Friday 19 October 2012

Been a bit wet this summer, hasnt it?

Well, been a while...  The summer-off from making models didn't really happen, as I ended up wading into a couple of big projects, more on which soon when they're finished.  Real life also got in the way of updates, having left one day job, restarted another and started new at something else, so verrrrry busy...  Anyway, in dubious celebration of what has been a very wet summer, lets have a project about flooding!

When I was but a younger nerd than I am now, and seriously getting into post-apocalyptic fiction (I blame being a depressed midlander, as do most of my friends and family who despair of the fact that I would apparently welcome the End of Days as a fantastic photographic opportunity rather than a calamity), I did a project at college focusing on sea-level rise.  I did a series of pictures of abandoned flooded cities, in a variety of media, and did a bit of photography using a home-made water tank with some toy buses and cardboard buildings in.  Naturally being something I’d made from recycled Perspex with a hot-glue gun in an afternoon at college whilst avoiding real work, it leaked like a sieve and ruined a table and the soaked the kitchen floor, and the project was abandoned.

When I was doing the model village project, I experimented with incorporating some of the flooded world imagery, imagining a bit of Britannia which had suffered from catastrophic sea level rise.  The attempt was a bit cobbled-together at the last minute, and used a plant bedding tray.  It wasn't very satisfactory though, and wasn't included in the final image selections.

Fast-forward to 2010 and I rediscovered the pictures, and now armed with a recently acquired underwater camera bag designed to take a compact digital, I thought I might find a use for the mothballed Britannia miniatures.  So what resulted was much mucking around with models, and annoying my in-laws by using their huuuuuge swimming-pool of a bath to shoot some pics, armed only with a box of old toys and models, a basic compact Fuji, the waterproof camera bag, some Christmas tree lights and a playlist of the Prodigy (for that suitably apocalyptic atmosphere), I set to work.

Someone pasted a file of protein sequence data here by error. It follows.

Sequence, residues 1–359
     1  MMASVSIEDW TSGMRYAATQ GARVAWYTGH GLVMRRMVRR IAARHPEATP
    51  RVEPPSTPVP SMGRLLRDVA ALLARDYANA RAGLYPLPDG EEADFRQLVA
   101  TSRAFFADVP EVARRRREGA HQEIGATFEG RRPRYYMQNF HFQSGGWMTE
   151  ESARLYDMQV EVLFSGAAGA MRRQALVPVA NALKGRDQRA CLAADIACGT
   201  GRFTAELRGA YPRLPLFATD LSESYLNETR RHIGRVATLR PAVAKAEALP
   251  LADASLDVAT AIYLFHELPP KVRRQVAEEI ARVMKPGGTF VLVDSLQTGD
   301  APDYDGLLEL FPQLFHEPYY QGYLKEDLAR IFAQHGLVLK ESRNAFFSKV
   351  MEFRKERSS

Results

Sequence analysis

Everything had to be glued down (good old hot glue gun), and then further weighted down in the bath.  Note the highly complex lighting rig, which was a set of blue LED Christmas tree lights.  Bubbling effects in the water used an old BBC Vis-FX trick, of dropping water-soluble aspirin into the water just before shooting.


Most of the pictures were based off the original sketches and drawings I'd done way back at college, showing the aftermath of the supposed collapse of society as the sea continued to rise- cliches and all (hospital trains, barricades, etc etc... yes, I know, so very Muse music video, and slightly cringe-worthy to me now).  Some of the experiments, such as the 'looking up at a submarine' above really didn't work.

 The biggest problem with the shoot (of which there were oh SO many) was that the final pictures really didn't look like they were shot underwater.  Maybe with a better underwater camera, it would be better.  The other major realisation was that I was beyond stupid, setting myself a hideously complex project of shooting underwater, and having everything underwater.  Back in the golden age of Thunderbirds and Stingray, all they did was put a fish tank between the set and the camera, and the models never got wet.  Quite why that never occurred to me I shall never know, but its an avenue to explore in the future... One idea I've had is to actually shoot something similar but actually out in a real environment, but that's another long-term project.

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